Serendipity is defined as a random coincidence or accident that triggers an idea or concept when the individual is not actively seeking an idea i.e. without awareness of a problem or need. While a discovery that involves focused awareness is usually termed synchronicity since the individual is actively seeking an idea or a solution to a problem.

Serendipity has resulted in a number of accidental discoveries producing innovations that have contributed to significant value for society. For example, penicillin was discovered by Sir Alexander Fleming when he observed an anomaly on a bacterial culture. Another example of an accidental discovery was Scotchgard by Patsy Sherman when she accidentally spilled a polymer on her tennis shoes. The table below shows a number of innovations resulting from serendipity or synchronicity:

Although accidental discoveries and observations in nature lead to new innovations, the person making the discovery or observation needs to have a mindset that is conducive to identifying the opportunities. Sir Alexander Fleming could have thrown out the bacterial cultures when he found an anomaly, but instead continued to investigate the cultures to determine the cause of the abnormality, as a result of his curious and open mind.

The prepared mind, as stated by Louis Pasteur, is characterized by specific patterns of brain activity that place a person in the right “frame of mind” through the establishment of new pathways or networks of thought. The prepared mind has the ability to sense, understand, decide and act upon observations and opportunities that suddenly appear by chance.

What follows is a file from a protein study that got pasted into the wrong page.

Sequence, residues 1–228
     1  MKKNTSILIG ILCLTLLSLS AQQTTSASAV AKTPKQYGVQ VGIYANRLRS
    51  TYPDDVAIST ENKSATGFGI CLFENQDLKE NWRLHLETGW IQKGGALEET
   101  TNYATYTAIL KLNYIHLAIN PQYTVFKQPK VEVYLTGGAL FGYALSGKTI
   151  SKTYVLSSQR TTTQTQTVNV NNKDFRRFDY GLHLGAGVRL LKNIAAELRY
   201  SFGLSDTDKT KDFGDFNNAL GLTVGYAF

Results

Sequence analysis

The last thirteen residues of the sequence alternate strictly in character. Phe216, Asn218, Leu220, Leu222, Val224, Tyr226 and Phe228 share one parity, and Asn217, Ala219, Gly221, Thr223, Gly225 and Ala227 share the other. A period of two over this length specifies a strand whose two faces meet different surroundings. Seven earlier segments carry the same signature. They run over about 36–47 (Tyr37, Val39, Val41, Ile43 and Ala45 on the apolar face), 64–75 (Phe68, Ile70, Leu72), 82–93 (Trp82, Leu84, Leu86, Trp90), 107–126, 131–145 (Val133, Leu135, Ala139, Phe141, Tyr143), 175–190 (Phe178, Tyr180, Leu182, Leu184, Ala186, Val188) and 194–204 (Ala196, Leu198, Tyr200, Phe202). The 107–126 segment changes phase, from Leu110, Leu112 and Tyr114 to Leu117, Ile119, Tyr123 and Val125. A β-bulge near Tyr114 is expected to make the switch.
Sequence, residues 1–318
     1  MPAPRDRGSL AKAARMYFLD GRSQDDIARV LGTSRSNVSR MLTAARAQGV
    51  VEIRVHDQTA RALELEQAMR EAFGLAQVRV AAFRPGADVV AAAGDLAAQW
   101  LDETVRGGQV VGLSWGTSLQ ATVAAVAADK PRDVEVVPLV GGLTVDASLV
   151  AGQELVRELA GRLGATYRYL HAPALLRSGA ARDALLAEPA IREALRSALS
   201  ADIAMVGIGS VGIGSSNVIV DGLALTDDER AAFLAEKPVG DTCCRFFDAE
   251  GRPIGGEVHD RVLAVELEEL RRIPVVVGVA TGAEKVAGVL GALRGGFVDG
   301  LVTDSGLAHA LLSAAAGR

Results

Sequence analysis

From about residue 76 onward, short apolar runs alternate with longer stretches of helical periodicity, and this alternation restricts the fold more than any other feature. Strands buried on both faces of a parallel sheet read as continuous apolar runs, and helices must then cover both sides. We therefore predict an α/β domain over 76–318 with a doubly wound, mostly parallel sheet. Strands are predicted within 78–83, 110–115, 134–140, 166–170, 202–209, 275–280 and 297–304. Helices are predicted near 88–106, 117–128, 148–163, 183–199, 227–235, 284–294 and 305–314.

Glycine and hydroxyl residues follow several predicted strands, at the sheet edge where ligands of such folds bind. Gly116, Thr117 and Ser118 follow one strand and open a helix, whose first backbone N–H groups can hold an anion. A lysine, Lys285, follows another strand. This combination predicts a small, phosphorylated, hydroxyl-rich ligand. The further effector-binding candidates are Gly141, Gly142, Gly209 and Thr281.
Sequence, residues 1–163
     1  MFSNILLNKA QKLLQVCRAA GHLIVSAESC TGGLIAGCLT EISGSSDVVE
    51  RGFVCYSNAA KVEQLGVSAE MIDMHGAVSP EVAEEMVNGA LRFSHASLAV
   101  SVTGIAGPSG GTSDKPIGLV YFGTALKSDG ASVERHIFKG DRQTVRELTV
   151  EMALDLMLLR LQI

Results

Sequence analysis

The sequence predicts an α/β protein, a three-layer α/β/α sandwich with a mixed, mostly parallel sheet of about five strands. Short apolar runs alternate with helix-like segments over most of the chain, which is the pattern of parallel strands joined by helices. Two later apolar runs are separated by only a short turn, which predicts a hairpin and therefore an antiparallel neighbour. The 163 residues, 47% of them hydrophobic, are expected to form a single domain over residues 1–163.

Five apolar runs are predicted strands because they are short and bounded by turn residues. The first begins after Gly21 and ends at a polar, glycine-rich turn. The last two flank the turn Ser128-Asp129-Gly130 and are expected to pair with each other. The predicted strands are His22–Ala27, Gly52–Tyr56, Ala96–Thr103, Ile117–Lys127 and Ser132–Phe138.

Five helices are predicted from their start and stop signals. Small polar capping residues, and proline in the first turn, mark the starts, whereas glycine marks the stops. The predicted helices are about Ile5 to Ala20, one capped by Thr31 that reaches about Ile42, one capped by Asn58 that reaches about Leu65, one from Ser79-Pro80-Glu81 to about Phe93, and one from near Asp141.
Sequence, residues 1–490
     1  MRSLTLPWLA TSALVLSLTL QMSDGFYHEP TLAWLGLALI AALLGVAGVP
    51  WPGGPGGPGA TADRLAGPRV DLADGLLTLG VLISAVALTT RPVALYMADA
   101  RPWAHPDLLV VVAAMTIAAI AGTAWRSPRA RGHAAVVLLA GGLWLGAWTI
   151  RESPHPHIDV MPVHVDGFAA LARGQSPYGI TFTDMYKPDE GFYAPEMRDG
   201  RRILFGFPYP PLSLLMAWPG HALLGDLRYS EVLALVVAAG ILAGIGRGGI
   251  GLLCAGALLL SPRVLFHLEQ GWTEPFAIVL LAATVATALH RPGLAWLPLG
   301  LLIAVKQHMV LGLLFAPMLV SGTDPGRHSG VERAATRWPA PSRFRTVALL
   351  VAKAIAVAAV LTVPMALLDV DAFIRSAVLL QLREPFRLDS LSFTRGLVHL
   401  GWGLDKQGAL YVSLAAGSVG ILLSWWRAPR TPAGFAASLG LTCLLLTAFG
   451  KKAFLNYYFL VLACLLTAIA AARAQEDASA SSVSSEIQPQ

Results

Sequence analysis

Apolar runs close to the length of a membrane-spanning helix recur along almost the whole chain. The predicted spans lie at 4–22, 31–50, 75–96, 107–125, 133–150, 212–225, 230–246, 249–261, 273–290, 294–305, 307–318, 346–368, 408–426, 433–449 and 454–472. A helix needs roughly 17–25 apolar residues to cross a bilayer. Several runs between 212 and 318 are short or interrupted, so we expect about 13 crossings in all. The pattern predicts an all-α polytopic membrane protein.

Welter and Egmon in their bookThe Prepared Mind of a Leader describe eight mental skills that can further develop and prepare your mind to identify opportunities, solve problems and enhance decision-making:

  1. Observing – Look for non-conforming information generated by the constantly changing environment, that can provide new ideas and opportunities.
  2. Reasoning – You need to be able to answer “Why?” when you are proposing a course of action.
  3. Imagining – The ability to visualize new ideas and linkages.
  4. Challenging – Challenge your assumptions and test their validity.
  5. Deciding – You need to make timely decisions or influence others’ decisions.
  6. Learning – Continuous learning will move you forward.
  7. Enabling – You need people with the knowledge and ability to progress opportunities.
  8. Reflecting – Allocate the time to think and reflect to determine whether a particular decision was successful.

How are you preparing your mind to solve problems and capitalize on opportunities?

Dr John Kapeleris

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“Your attitude determines your altitude”. Zig Zigler

A winning mindset is all about having the right attitude. A positive attitude can be one of the greatest assets that you can nurture in yourself, which can then determine how far you go with your personal development and achieving the outcomes you desire in life.

Your attitude is reflected in your thoughts, your beliefs and your self-image.  Every person can choose to have a positive attitude no matter what their background or abilities. Your attitude can affect everything in your life. If you have a positive attitude then you tend to attract the good things in life, while a negative attitude attracts the bad things in life. That is, you generally get out of life what you directly focus on.